United Methodist Communications in collaboration with Chocolate Moose Media and iHeed have created an animation for West Africa that dispels myths about how Ebola is spread and promotes prevention. 

DOWNLOAD the animation free at http://www.ebolavideo.org.




Our goal is to provide education that leads to better understanding to prevent infections. Ebola gains foothold in poor communities where mistrust, resistance to proper care and lack of understanding of the virus and is widespread. The church’s advantage lies in its network of trusted leaders who live in the affected regions.” said the Rev. Larry Hollon, chief executive of United
Methodist Communications. 






United Methodist Communications (http://www.umcom.org), the global
communications agency of The United Methodist Church, is using several
approaches, including providing text messages to clergy in Sierra Leone and Liberia. Commentaries by trusted leaders encourage cooperation with health programs.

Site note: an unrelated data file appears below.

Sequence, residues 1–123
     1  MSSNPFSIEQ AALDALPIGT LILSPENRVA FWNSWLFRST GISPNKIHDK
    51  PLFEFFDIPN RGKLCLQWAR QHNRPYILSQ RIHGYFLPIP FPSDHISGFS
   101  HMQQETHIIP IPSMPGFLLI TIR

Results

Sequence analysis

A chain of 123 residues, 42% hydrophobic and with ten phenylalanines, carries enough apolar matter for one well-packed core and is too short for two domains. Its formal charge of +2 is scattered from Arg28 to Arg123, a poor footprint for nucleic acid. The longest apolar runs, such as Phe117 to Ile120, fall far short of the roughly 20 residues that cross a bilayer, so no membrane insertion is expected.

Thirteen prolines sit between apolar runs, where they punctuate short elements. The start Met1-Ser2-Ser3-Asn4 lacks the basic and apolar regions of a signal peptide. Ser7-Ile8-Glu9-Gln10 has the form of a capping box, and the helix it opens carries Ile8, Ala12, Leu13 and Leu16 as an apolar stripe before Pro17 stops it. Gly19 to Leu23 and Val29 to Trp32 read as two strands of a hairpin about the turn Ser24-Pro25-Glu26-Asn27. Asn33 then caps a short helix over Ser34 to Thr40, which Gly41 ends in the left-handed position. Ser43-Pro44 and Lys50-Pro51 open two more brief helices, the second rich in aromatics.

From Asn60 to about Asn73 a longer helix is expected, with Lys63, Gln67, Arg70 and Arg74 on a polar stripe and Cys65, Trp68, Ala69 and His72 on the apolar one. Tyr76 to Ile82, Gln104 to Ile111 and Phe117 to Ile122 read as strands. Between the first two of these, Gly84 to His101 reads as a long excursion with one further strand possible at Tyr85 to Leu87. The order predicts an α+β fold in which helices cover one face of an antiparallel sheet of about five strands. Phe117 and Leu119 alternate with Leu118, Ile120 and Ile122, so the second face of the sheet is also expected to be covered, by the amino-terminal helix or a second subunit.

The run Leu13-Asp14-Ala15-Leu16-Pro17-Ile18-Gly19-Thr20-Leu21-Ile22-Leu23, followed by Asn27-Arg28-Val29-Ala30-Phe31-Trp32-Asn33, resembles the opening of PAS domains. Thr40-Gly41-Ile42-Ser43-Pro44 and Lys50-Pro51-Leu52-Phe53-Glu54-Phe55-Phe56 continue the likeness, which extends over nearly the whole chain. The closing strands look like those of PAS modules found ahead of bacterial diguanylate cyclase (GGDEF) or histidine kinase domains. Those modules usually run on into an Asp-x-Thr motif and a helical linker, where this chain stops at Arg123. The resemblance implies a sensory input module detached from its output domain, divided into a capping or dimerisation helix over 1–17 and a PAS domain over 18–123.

The agency provided partial funding for Chocolate Moose Media
(http://www.chocmoose.com) to create the video. The executive producer is
iHeed (http://www.iheed.org), a mobile-health-education innovator.




Chocolate Moose Media founder and award-winning director Firdaus Kharas
said,‎ “I have created what I hope will be a compelling video to prevent the spread of Ebola. My approach is to combine animation with non-coercive persuasion by having Africans speak to their own broader family.”


Accessed through download for local playback, all partners will distribute
the video to reach as many as possible. Distribution channels include
international organizations, non-governmental organizations, civil society and churches and through social media using #Ebolavideo.






“Through a combination of weak health infrastructure, inconsistent levels of education and unpreparedness, this epidemic has become a global threat,”said Dr. Kunal D. Patel, medical director of iHeed. “Digital media can fill the gaps. In combination with technologies such as mobile phones, cinemas, projectors and tablets, animated information can help.”
According to the World Health Organization, 7,470 cases of Ebola had been reported as of Oct. 3 (http://goo.gl/ni3P1M), with 3,431 deaths in Guinea, Liberia and Sierra Leone.


Ebola is transmitted to humans from wild animals and spreads through
person-to-person transmission. Contact with the body of a deceased person can also play a role in transmission.